Release Date: April 21, 2006
BUFFALO, N.Y. -- A former post-doctoral fellow at University at Buffalo has provided a gift to support young researchers in honor of the training in the field of pulmonary medicine, environmental physiology and bioengineering that he received at the Center for Research and Education in Special Environments (CRESE) and Department of Physiology and Biophysics in the UB School of Medicine and Biomedical Sciences.
Seiji Tamaya, M.D., Ph.D., chair of the board of directors of Tokyo Angel Hospital, Hachiouji, Tokyo, gave $19,990 to the UB Center for Research and Education in Special Environments (CRESE) in gratitude for time spent at UB as a post-doctoral fellow with the late Leon Farhi, M.D., SUNY Distinguished Professor. Tamaya said he also appreciated his continued interactions with CRESE faculty, including Claes Lundgren, M.D., Ph.D. professor of physiology and biophysics, and CRESE director.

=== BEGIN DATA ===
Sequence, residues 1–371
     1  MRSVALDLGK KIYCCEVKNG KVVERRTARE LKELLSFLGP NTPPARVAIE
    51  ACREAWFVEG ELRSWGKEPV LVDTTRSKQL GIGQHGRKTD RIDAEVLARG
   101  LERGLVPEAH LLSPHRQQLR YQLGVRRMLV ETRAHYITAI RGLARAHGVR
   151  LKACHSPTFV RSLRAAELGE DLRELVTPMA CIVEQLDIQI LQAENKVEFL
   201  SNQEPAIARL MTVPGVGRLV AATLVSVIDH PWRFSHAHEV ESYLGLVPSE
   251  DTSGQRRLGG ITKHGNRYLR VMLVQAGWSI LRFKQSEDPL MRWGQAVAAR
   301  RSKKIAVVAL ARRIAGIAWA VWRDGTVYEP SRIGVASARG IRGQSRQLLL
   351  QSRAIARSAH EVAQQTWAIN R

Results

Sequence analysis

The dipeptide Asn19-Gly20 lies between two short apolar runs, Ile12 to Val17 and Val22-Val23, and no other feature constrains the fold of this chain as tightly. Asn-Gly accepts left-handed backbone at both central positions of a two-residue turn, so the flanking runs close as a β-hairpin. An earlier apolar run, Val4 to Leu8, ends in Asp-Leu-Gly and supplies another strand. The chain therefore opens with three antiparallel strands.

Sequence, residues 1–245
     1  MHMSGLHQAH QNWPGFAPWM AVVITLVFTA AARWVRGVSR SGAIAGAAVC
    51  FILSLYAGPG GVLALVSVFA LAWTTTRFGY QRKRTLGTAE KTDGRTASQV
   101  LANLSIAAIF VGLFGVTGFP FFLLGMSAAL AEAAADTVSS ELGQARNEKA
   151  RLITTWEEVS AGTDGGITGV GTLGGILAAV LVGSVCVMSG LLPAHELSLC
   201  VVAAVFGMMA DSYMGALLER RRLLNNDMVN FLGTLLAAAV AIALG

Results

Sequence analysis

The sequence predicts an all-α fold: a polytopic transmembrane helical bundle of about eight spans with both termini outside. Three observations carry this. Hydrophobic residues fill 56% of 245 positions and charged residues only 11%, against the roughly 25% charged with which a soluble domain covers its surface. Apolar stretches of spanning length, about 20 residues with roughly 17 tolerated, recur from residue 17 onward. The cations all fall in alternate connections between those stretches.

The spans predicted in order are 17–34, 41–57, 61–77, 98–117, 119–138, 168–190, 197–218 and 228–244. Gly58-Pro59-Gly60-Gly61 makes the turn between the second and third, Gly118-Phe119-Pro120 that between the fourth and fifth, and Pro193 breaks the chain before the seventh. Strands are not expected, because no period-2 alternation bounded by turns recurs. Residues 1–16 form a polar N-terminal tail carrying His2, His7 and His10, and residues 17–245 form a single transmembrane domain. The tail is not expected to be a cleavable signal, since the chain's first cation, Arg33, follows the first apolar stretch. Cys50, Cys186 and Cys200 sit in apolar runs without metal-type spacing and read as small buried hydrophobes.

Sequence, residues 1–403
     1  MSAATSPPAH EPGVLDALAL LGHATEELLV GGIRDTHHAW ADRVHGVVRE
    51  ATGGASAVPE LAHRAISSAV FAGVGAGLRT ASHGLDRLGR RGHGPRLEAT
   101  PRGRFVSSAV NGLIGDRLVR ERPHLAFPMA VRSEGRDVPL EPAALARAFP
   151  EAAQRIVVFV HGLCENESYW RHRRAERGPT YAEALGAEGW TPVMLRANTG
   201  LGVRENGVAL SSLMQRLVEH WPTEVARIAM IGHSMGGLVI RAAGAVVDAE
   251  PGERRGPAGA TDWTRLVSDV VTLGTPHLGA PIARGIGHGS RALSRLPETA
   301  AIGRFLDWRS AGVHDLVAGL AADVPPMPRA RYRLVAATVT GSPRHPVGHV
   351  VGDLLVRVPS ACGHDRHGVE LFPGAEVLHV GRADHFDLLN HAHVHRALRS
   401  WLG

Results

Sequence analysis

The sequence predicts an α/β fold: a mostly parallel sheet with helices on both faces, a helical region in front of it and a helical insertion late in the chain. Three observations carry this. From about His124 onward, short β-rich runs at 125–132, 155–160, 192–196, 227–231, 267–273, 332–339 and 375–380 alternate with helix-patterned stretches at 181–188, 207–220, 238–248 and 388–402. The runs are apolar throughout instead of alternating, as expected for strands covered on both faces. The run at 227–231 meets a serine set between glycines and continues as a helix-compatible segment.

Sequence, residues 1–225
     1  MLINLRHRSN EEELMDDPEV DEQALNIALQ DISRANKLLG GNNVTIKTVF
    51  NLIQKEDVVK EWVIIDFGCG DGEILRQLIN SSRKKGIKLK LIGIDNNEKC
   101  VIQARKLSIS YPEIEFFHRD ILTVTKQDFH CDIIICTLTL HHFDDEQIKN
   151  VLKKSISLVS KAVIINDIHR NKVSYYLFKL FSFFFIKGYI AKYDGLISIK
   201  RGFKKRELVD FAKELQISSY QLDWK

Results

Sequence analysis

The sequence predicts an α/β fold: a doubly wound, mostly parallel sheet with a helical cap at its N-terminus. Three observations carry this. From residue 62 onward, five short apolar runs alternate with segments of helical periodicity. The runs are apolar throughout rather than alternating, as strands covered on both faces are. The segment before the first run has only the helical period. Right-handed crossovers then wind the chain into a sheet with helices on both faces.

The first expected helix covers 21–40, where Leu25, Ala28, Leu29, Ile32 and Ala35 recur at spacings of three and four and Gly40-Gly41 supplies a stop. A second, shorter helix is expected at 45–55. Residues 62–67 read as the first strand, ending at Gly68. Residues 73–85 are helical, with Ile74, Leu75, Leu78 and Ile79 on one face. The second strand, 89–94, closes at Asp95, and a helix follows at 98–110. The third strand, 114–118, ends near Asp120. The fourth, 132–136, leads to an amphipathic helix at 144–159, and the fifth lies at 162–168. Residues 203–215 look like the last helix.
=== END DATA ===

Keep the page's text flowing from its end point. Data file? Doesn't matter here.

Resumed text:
Tamaya is an expert in hyperbaric chambers and the problems of decompression associated with underwater diving. His work is a continuation of that done with Farhi, Lundgren, David Pendergast, Ed.D., professor and associate director of CRESE, and other members of CRESE. Tamaya also researches and treats sleep apnea syndrome and Alzheimer's disease.
The gift -- Dr. Tamaya's Research Fund for Environmental and Applied Physiology -- is earmarked for CRESE members in the first five years of their research career, helping them with conference fees and travel expenses.
"We are grateful to Dr. Tamaya for his gift," said Lundgren, "and proud that the people he met and the education he received while at UB have encouraged him to ensure that others have equally stimulating experiences."
CRESE contains one of the world's most advanced facilities to simulate environmental stress. Researchers at the center have studied respiratory and cardiac challenges that humans face in environments as diverse as space shuttles and underwater. Current project partners include NIH, the U.S. Navy, various pharmaceutical companies, and the U.S. Coast Guard.